Date of Award
Union College Only
Bachelor of Science
Physics and Astronomy
krypton, samples, atoms, atta, contamination
We are constructing an apparatus to use Atom Trap Trace Analysis (ATTA) to detect trace levels of krypton in ultra‐pure samples of neon and xenon. The next generation of neutrino and dark matter detectors will use noble gasses as scintillation medium, and require extremely pure samples of neon and xenon. Krypton‐85 contamination in these samples causes false positives by releasing electrons via beta decay that cause scintillation light in the detectors. We inject samples of neon or xenon from the detectors into our ATTA apparatus system, excite the krypton contaminants into an excited metastable state, and slow the krypton atoms with a counter‐propagating laser tuned to the resonant wavelength. After this nearly stops the krypton atoms, additional lasers from other directions hold the krypton in place while the krypton scatters photons from the lasers in all directions. We detect this scattered light with an avalanche photodiode and determine the number of krypton atoms trapped by the system in a period of several hours. This information, combined with the input atom flux, gives us the level of krypton contamination in the sample. The ATTA system can measure krypton contamination to .03 ppt in three hours of measurement. However, as we are still perfecting the system we have no quantitative results yet.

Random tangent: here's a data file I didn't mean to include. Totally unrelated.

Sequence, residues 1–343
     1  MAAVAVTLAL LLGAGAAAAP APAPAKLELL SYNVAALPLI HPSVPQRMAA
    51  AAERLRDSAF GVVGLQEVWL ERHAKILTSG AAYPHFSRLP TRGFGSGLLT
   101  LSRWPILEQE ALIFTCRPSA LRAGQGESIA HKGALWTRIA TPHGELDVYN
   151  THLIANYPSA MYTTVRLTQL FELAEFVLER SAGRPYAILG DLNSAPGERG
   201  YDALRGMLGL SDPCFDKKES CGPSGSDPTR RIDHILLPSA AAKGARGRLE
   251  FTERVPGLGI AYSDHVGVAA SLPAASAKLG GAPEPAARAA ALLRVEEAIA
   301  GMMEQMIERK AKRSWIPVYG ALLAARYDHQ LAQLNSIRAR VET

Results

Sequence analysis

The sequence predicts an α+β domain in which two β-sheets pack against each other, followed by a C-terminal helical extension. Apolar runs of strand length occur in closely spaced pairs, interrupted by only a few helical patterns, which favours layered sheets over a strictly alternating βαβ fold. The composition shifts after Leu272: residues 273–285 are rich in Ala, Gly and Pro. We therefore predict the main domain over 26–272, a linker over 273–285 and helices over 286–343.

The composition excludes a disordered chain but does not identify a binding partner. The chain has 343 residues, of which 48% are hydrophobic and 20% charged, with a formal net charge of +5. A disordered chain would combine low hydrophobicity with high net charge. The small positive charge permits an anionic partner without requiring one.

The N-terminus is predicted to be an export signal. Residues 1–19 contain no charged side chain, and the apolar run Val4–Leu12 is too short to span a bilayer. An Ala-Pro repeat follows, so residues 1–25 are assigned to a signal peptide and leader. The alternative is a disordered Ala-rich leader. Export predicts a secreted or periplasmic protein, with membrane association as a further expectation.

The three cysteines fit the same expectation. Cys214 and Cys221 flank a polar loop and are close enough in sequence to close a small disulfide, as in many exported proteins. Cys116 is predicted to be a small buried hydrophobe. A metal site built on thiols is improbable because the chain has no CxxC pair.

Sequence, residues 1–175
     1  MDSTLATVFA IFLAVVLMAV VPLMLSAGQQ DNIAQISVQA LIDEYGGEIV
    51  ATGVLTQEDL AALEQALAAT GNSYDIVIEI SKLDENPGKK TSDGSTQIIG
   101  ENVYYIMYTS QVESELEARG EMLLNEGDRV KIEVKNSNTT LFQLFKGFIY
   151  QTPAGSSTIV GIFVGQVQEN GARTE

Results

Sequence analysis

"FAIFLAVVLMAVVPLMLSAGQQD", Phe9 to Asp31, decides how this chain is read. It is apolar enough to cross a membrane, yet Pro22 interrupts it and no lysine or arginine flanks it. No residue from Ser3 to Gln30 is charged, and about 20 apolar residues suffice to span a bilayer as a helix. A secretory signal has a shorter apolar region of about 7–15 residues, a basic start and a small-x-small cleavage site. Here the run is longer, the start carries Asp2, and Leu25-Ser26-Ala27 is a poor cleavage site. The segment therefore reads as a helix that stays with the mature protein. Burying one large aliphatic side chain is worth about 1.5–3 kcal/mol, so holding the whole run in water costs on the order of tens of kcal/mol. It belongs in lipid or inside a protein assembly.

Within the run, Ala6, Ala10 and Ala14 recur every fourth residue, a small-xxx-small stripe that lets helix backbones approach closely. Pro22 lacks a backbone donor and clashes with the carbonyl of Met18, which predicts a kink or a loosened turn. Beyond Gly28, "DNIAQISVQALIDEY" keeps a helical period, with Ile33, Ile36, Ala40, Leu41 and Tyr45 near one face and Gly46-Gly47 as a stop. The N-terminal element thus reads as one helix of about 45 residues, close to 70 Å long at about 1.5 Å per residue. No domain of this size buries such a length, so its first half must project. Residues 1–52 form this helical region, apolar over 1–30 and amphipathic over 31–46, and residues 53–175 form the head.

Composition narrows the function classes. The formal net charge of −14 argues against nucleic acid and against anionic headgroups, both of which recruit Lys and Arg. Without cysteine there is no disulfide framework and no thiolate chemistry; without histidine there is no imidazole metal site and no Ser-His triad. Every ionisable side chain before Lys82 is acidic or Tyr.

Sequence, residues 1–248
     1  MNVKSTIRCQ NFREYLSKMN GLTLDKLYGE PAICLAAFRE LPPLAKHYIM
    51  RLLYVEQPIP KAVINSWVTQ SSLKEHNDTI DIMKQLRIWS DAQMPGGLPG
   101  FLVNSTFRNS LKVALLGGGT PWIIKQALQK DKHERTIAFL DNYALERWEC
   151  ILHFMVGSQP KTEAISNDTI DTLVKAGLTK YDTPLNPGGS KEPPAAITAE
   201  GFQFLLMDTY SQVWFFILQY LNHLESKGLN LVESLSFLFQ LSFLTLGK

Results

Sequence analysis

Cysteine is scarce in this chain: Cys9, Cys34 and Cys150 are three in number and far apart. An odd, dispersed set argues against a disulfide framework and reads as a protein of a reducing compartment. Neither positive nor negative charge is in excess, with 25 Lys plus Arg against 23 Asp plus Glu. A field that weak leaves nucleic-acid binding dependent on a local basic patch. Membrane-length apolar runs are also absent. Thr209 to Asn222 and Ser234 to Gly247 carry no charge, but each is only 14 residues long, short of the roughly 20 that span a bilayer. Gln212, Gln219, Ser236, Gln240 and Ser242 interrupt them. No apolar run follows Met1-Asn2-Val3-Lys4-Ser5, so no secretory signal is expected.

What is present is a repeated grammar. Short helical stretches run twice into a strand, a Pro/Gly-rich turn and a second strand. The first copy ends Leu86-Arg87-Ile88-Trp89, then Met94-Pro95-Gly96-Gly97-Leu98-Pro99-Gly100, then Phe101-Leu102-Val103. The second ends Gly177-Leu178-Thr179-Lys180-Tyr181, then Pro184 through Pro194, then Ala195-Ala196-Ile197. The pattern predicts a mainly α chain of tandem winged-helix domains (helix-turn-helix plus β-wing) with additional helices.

Ludwig, David Keeler, "Laser cooling and trapping of single krypton atoms" (2009). Honors Theses. 1345.